We all know that stomata are the tiny pores on the leaves which play a major role in the exchange of gases. The intake of carbon dioxide and the outgoing of oxygen both takes place through these pores. The respiration in leaves takes place through the tiny pores called stomata present on them. The exchange of gases occurs through these pores. The oxygen is transported to other cells of the plant by diffusion and in the same carbon dioxide is removed from the cells. In this way respiration takes place in leaves.
Guard Cells in Stomata
The cells in the leaf of a plant that control the opening and closing of stomata are guard cells. These cells are in bean shape and surround the stoma. These are the epidermal cells and help in exchange of gases by opening and closing of stomata. These also play a major role in transpiration and minimal loss of water. Light is a major aspect of these guard cells. The guard cells regulate the opening and closing of stomatal pores by the osmosis process. When water flows into the guard cells, they swell up and the curved surface causes the stomata to open. When the guard cells lose water, they shrink and become flaccid and straight thus closing the stomata.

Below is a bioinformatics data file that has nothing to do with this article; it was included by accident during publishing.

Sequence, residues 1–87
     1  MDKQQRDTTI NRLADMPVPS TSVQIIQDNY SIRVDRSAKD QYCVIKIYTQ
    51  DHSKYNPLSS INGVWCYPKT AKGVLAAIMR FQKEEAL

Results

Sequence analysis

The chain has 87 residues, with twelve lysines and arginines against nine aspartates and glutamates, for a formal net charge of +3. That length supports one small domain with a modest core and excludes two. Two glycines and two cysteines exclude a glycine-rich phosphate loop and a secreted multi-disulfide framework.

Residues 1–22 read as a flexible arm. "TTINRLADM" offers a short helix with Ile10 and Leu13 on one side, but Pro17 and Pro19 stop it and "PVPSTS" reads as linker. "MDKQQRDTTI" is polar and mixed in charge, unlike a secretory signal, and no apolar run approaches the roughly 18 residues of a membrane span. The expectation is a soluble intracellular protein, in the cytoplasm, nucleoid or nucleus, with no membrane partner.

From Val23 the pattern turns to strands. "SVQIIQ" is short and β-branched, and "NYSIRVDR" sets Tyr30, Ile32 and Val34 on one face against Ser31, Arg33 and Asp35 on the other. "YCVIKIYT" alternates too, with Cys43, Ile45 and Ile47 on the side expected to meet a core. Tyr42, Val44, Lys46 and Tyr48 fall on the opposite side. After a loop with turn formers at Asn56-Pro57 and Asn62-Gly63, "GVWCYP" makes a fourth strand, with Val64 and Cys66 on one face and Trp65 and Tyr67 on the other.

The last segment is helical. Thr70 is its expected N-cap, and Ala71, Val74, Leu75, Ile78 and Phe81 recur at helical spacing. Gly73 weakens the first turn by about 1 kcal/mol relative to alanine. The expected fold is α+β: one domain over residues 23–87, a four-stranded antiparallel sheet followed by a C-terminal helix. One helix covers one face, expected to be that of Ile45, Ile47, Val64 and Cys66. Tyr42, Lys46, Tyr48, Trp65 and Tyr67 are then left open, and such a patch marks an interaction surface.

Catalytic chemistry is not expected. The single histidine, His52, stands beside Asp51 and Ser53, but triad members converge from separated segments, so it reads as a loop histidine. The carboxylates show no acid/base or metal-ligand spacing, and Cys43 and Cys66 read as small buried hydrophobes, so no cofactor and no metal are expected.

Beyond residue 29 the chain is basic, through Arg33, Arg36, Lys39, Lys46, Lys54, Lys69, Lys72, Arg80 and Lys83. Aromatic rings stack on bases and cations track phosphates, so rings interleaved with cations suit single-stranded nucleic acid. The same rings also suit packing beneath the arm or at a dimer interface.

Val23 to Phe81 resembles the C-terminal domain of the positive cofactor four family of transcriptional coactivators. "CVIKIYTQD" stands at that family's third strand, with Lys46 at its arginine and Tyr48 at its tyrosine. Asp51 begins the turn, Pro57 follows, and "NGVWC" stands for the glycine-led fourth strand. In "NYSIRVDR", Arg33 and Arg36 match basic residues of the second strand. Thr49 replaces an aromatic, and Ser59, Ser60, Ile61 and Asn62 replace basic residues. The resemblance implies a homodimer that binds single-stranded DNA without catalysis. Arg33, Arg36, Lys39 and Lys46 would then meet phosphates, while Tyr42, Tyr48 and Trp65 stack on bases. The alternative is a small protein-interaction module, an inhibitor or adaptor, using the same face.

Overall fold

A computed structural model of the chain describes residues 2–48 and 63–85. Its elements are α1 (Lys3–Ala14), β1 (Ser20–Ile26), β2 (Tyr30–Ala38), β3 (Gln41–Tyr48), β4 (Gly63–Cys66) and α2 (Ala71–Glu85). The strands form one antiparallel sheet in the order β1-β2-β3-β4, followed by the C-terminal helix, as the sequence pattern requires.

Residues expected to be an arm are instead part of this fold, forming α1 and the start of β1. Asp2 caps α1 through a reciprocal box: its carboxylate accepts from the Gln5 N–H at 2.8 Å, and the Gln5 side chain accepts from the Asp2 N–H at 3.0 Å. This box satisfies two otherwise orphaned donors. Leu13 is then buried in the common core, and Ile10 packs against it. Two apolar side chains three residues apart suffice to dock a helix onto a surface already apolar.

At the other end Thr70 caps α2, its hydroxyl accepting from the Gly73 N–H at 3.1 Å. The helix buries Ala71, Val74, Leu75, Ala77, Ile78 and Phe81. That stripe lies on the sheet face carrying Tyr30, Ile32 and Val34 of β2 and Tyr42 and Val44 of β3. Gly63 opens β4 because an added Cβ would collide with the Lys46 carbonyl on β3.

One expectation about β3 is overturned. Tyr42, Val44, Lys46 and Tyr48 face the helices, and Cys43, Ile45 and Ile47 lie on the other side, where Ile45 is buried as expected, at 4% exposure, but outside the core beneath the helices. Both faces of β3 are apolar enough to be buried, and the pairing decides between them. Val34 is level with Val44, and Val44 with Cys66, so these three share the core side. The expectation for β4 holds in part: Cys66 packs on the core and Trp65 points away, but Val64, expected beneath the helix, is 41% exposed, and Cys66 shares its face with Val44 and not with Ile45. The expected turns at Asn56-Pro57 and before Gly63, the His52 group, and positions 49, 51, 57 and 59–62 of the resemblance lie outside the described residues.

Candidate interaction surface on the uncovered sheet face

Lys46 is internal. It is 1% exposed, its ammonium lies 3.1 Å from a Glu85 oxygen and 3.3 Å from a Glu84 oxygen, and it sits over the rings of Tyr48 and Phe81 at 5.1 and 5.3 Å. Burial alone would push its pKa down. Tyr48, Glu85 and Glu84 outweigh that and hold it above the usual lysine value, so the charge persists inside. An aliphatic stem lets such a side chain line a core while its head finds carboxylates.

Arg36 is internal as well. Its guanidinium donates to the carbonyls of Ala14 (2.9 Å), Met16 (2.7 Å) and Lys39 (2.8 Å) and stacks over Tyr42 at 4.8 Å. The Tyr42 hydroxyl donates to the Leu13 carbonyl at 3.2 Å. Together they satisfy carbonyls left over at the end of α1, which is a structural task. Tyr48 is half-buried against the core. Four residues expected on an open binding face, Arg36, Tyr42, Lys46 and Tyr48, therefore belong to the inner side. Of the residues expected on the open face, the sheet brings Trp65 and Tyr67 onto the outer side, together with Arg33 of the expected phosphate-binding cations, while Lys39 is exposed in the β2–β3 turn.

Functions of the stomata
- They allow the exchange of gases (CO2 and O2) with the atmosphere.
- Evaporation of water from the leaf surface occurs through the stomata. Thus, the stomata help in the process of transpiration.
- Based on the climatic conditions, it closes or opens its pores to maintain the moisture balance.
- Allows the intake of carbon dioxide and to give out oxygen during the process of photosynthesis.
- Stomata remain open during the day and closed at night. This closure at night prevents water from escaping through open pores.